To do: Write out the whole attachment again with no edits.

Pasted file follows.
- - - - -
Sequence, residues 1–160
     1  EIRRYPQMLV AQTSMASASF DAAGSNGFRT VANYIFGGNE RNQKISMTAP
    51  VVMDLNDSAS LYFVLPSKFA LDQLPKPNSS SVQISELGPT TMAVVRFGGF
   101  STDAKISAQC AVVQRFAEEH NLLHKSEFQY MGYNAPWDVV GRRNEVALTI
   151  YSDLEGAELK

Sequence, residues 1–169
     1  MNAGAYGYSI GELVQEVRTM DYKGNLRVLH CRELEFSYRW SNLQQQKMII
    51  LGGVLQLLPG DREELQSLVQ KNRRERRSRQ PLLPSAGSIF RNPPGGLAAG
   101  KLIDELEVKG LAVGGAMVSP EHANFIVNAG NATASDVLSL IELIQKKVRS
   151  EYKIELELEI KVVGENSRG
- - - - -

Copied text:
Sequence, residues 1–160
     1  EIRRYPQMLV AQTSMASASF DAAGSNGFRT VANYIFGGNE RNQKISMTAP
    51  VVMDLNDSAS LYFVLPSKFA LDQLPKPNSS SVQISELGPT TMAVVRFGGF
   101  STDAKISAQC AVVQRFAEEH NLLHKSEFQY MGYNAPWDVV GRRNEVALTI
   151  YSDLEGAELK

Sequence, residues 1–169
     1  MNAGAYGYSI GELVQEVRTM DYKGNLRVLH CRELEFSYRW SNLQQQKMII
    51  LGGVLQLLPG DREELQSLVQ KNRRERRSRQ PLLPSAGSIF RNPPGGLAAG
   101  KLIDELEVKG LAVGGAMVSP EHANFIVNAG NATASDVLSL IELIQKKVRS
   151  EYKIELELEI KVVGENSRG